Nick describes the people he has known among the homeless men and women who have, like him, been forced to live on the streets in Abbotsford. Some are dead. From Penny to Victor he remembers them all. Though they’ve lived a rough life they look out for one another and take care of each other.

“I’ve lost a lot of good friends to heroin and just the life on the streets. It kills people you know. They’re relentless,” he says of the City and its police force which have devoted a great deal of resources to displacing, dispersing and evicting homeless men and women from the city and making life as miserable as possible for those who either can’t find a job, can’t live inside or suffer from mental illness, alcohol or drug addiction.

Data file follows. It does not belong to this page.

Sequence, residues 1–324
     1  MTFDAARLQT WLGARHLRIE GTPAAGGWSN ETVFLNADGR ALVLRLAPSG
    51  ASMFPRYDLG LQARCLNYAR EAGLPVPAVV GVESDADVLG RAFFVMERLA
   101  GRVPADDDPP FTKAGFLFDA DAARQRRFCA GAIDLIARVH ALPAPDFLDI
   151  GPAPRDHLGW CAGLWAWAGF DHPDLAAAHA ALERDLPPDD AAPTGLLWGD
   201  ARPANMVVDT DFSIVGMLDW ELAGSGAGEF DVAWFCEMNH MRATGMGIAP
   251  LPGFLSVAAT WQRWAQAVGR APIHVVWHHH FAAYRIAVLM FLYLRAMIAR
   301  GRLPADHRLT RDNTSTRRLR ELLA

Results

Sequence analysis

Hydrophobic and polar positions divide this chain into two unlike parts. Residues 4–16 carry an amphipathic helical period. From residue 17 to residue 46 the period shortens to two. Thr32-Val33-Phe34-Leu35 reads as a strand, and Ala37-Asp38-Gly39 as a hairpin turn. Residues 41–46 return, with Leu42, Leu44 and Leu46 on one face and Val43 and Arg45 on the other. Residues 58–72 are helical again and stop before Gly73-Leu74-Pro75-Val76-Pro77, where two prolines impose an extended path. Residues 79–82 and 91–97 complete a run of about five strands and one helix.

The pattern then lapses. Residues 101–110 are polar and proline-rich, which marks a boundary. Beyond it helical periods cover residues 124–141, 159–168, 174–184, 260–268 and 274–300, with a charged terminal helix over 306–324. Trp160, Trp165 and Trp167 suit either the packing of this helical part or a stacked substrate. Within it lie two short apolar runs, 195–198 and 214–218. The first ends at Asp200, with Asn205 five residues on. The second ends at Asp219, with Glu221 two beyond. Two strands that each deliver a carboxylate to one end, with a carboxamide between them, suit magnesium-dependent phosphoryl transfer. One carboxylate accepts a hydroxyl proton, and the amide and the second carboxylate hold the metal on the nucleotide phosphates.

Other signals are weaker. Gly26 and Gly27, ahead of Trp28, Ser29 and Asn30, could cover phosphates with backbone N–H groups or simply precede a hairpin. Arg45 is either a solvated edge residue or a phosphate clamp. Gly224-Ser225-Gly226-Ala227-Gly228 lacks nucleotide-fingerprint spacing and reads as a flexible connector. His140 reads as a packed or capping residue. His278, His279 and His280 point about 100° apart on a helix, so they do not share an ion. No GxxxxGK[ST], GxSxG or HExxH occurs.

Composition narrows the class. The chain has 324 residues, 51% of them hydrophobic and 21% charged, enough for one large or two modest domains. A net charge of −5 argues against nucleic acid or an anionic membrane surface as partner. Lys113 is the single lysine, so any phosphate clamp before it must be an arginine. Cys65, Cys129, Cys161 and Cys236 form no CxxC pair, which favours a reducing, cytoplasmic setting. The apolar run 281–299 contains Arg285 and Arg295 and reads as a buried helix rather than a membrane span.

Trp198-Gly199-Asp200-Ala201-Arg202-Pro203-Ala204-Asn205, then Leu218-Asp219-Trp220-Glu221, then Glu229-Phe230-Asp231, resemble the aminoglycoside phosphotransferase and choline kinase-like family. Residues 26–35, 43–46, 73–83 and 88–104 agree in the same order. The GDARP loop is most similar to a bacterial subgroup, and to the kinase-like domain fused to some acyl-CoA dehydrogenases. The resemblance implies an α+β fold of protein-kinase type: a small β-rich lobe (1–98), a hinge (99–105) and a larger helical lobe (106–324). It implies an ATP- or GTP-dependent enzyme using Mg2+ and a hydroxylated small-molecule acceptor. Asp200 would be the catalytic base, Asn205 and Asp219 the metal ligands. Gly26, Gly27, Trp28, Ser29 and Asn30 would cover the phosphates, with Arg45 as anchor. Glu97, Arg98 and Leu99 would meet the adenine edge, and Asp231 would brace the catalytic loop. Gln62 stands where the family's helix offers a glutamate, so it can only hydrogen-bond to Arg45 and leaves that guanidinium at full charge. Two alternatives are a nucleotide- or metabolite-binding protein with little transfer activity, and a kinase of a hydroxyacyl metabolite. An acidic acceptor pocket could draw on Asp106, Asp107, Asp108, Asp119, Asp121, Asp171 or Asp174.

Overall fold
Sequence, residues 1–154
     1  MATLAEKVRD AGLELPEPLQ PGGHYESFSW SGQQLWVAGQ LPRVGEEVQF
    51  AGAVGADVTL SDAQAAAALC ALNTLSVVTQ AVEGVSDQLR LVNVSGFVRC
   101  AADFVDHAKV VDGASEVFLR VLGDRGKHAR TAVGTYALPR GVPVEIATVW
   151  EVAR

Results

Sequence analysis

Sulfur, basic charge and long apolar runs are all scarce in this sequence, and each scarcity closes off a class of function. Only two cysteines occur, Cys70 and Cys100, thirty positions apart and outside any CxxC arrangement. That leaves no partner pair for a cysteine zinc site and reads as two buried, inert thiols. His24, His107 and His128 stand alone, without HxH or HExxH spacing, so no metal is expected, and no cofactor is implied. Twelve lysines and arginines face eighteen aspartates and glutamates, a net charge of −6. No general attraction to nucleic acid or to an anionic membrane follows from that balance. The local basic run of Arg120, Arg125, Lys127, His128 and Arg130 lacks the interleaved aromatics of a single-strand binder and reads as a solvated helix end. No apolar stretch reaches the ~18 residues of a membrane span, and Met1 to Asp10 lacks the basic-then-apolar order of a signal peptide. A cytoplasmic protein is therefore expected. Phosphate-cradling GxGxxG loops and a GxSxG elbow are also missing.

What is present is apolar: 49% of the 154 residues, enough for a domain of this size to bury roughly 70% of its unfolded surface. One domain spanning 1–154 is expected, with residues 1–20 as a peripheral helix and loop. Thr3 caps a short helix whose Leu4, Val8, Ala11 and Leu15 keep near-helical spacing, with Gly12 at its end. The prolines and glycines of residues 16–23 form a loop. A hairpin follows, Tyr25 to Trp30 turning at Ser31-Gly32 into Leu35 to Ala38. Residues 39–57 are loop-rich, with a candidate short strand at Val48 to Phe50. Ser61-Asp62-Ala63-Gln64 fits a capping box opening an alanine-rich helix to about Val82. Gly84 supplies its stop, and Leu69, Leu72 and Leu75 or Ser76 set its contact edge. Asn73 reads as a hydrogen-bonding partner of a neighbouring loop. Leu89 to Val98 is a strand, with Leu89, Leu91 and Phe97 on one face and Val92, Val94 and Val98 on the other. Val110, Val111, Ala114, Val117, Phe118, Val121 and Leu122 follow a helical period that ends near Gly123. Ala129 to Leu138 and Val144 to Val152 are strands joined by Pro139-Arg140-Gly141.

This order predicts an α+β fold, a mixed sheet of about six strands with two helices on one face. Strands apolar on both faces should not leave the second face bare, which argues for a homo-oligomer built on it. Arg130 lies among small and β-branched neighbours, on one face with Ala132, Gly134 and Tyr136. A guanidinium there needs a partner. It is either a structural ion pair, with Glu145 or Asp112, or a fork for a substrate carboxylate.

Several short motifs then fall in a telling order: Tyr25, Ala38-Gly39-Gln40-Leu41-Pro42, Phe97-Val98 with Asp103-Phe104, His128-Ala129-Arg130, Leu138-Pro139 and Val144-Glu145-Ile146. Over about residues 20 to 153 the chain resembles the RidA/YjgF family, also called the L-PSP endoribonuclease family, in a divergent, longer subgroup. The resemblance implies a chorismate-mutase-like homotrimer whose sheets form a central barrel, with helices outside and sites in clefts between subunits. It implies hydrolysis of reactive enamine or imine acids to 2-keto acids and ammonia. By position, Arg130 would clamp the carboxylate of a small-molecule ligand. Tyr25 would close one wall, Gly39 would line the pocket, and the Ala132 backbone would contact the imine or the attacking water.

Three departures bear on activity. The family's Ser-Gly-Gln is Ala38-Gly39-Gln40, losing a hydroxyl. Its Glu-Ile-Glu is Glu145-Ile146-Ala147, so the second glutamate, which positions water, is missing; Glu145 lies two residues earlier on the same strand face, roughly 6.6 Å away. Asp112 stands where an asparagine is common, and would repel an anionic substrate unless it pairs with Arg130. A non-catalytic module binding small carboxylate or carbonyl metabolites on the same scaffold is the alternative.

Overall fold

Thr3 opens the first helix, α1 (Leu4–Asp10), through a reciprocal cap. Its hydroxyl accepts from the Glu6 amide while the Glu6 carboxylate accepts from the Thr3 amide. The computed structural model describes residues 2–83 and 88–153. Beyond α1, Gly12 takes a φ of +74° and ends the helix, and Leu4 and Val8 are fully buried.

“They’ve made it very clear they don’t want us around,” he adds.

Nick describes the manner in which Abbotsford’s people of the street take care of one another. Word gets around extremely quickly when someone is in trouble, when bad drugs hit the street, or when someone goes missing, no different from what a family does to survive.

The speed with which a message gets around through connections at the 5 and 2 Ministries meals, the crowd at the Sally Ann or the Food Bank or just among connections on the street, would amaze most people who haven’t experienced it says Nick.

“We look out for one another. Calvin saved a life Thursday. I don’t know how easy that is going to be now that they spread everybody back out into the woods,” he says.

DWS Teepee at MCC Dignity Village on Gladys Avenue. JD Archer photo.

DWS Teepee at MCC Dignity Village on Gladys Avenue. JD Archer photo.

A City Without A Heart?
Nick doesn’t feel sorry for himself. He’s certainly had a rough enough life to be entitled to, but he’s a lot more philosophical about things. Nick is a full status member of the Nlaka’pamux Native Band and takes a lot of his inspiration from his native roots.